A part of it is also that – I mean, just the concept of event-driven, or even event sourcing in this case, is that you’re able to replay the events; that’s part of the reason why we’re doing this in the first place, is that when there is an outage or something bad happens, you can basically take those events and shoot them right back, and basically ensure that the system is going to go back into the correct state.

It’s what Steve said - I’d love to say the word “idempotency”, even though I don’t know if that’s the correct way to pronounce it, but anyway… So idempotency - it’s just a thing that you should build your services with from the get-go, and things are going to be okay after that.

So you brought up two things. One, the idempotency - and you were talking about replaying, so I assume that means that it’s uncommon to rely on messages being delivered exactly once, or events being delivered exactly once. Is that pretty true?

Ah, yes… The snake-oil that is exactly-once delivery. I believe that once we’ve come up with a perpetual motion machine, then yeah, that exactly-once delivery will also happen. It’ll be great. But until that happens, I do not believe in it, I have never seen it properly be implemented, ever. It is doable, I guess, in some really close circuits, and really controlled environments… But technically, it’s very hard to guarantee that, if it relies on even electricity.

So yeah, for event-driven systems you should not rely on exactly-once delivery, even if it’ sounds plausible. You should just not. Because at some point in time, someone is going to re-emit a message accidentally, twice, and then basically you’re in a world of hurt.

Instead, just build your systems with idempotency in mind, that there’s a possibility that an event is going to get duplicated. If you wanna do deduplication on your side, go for it. But the easiest one is like “Have I handled this before?” “Yes, I have.” Ignore, and just move on. It’s so much easier, the logic that’s involved in that.

So when you talk about handling that, what are some techniques that work well for making things idempotent? Is it just looking at an event ID of some sort? Like, “Oh, I’ve handled this one.” Or is it something else, like other techniques that work well.

Timestamps are pretty sweet. I like timestamps a lot. In the words of Steve, it depends. It depends on how important the dataset is. You can absolutely look at timestamps and basically say “The event that I have already handled has a timestamp in the future, and another event that comes in afterwards has got an older timestamp. Don’t worry about the older event; just dismiss it.”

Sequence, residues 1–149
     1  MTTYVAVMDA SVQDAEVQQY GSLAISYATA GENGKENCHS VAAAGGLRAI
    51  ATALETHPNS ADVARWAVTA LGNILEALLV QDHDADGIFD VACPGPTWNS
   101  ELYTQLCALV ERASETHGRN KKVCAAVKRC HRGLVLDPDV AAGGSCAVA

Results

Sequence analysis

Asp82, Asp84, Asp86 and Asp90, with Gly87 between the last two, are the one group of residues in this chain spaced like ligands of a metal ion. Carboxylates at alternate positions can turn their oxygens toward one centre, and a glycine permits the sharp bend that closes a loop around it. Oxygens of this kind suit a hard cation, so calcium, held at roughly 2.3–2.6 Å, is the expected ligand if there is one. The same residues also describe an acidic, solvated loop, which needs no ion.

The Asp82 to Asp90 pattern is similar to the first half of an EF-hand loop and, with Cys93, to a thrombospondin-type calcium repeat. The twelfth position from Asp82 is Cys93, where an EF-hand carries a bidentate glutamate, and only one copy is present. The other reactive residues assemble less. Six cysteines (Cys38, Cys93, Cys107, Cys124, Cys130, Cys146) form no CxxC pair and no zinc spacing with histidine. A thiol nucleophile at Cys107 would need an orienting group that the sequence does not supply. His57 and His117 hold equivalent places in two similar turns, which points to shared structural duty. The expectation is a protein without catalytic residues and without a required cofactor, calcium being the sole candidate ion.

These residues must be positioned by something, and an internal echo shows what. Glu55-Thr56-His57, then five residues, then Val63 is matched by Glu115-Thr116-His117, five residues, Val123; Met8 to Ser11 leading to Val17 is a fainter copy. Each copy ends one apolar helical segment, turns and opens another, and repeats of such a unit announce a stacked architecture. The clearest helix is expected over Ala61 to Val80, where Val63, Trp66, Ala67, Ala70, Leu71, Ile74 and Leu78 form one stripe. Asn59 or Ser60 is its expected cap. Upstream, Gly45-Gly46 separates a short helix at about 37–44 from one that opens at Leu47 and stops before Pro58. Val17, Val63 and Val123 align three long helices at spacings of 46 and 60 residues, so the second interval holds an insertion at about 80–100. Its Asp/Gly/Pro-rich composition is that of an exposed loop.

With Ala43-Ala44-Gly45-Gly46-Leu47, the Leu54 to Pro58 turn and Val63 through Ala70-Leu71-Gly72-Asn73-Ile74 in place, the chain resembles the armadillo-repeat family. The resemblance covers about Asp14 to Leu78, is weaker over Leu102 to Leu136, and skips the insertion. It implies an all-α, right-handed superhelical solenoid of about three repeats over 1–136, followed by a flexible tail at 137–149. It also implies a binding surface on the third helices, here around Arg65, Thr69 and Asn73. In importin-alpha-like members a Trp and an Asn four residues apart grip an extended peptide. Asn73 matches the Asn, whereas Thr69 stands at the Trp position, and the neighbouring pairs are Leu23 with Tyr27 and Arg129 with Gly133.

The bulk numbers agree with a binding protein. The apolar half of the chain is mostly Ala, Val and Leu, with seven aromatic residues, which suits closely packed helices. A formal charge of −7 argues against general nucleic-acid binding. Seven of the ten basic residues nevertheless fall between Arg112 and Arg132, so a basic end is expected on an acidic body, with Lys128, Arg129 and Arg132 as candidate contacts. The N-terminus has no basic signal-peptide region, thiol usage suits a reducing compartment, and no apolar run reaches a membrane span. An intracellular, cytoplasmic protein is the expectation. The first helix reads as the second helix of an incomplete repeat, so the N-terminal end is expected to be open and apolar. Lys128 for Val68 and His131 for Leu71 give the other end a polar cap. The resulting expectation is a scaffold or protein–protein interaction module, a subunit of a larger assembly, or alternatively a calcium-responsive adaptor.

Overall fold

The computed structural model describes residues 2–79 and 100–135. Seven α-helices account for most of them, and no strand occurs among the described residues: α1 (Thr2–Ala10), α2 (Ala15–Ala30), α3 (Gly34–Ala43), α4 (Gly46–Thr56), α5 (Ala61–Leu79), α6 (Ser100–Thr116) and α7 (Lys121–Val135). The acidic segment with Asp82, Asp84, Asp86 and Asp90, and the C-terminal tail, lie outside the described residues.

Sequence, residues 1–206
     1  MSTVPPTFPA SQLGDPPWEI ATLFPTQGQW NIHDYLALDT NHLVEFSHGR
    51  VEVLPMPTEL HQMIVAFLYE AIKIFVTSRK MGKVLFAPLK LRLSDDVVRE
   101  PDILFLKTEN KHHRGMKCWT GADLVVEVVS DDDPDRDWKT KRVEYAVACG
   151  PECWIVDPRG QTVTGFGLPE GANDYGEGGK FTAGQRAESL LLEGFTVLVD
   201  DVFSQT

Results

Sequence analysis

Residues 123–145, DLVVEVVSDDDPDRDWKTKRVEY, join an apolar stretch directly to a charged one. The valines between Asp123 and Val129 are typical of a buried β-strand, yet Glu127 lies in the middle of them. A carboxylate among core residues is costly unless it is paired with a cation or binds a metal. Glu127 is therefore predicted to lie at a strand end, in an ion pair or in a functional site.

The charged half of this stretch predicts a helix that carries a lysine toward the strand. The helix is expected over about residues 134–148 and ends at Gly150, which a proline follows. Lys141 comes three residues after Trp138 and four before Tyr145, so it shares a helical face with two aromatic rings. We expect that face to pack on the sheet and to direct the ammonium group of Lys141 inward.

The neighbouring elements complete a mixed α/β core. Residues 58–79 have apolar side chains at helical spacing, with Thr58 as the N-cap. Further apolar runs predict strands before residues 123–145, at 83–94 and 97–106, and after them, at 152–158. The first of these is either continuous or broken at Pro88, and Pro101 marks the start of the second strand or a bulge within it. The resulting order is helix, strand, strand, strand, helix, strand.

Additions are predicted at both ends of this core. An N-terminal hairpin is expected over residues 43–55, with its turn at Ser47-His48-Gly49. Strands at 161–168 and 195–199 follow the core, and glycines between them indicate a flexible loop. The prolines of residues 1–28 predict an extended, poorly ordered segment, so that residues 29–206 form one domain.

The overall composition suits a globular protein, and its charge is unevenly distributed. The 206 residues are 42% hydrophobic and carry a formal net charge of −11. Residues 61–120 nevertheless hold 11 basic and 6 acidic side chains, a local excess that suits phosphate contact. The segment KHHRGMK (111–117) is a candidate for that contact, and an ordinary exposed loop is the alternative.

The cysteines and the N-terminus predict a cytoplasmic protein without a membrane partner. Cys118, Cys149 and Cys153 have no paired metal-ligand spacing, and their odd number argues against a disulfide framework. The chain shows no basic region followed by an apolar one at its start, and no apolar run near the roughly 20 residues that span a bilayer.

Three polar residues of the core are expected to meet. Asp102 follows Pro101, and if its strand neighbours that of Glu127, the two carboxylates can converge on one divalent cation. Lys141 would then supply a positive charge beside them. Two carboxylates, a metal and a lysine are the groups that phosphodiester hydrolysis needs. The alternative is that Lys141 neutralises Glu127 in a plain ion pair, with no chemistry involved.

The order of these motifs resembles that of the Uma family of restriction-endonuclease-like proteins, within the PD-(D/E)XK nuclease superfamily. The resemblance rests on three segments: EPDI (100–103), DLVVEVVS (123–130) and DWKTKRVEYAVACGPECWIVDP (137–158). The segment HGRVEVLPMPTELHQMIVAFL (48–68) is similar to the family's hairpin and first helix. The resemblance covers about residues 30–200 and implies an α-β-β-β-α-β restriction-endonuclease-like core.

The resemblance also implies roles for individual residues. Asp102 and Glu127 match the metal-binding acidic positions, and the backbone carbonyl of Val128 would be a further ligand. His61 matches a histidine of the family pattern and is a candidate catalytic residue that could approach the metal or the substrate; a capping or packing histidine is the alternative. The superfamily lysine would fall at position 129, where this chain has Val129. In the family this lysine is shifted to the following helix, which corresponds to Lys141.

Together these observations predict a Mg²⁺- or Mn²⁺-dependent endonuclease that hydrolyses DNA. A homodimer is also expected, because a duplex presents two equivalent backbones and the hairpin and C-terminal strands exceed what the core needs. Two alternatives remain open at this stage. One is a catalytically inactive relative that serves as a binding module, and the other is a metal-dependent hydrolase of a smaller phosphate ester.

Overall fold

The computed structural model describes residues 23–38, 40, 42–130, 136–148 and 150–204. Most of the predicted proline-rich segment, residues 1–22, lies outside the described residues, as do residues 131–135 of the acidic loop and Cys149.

Similarly, every service here can have its own data store as well. So that means you can have your own caches, and all kinds of stuff. So you can either put it in memory, and then basically keep a track of all the messages that you’ve already handled, and so on - keep that stuff either in a cold cache, in Etcd, or in mem, or wherever, in regards to keeping track of IDs, and that sort of a thing; you could do that, but it’s generally speaking not necessary, I don’t think.

So it sounds like, generally speaking, with an event-driven system you – do you just naturally get an event log or an audit log of some sort that shows you everything that has happened in your system, or is that something that you have to build into it?

That is the awesome part. Well, you’ll still need to build some sort of an archiver of sorts, but in general, as an event – because the event is the source of truth, you’re basically getting audit logging for free. That’s essentially what it comes down to. Every single thing that has happened within your system… If folks are familiar with concepts of like change data capture - that’s essentially it; you’re basically plugging into… Actually, let’s roll back. Change data capture. Change data capture is basically plugging into a database’s replication log, watching every single thing that changes. If you need some sort of compliance - let’s say like [unintelligible 00:25:23.10] or something like that, you probably will need that sort of stuff. And you’re gonna need to set up some sort of pipeline to actually read all those changes and record them somewhere.

With event-driven it’s the same exact thing, except there is no database. You have just a message bus. So you would basically record every single one of those events; those events are essentially your change data capture. You’re watching everything that has happened within your system. So you do not need to build yet another system to say like “Oh, now we’re gonna have audit logging”, that sort of thing. So it absolutely is an audit log. But that said, you will need to build some things on your own. That’s part of the reason why we built Batch as well, is because we didn’t want folks to have to build all this stuff on their own, on the side. It’s a decent-sized endeavor, but you totally get a lot of free functionality out of it as well.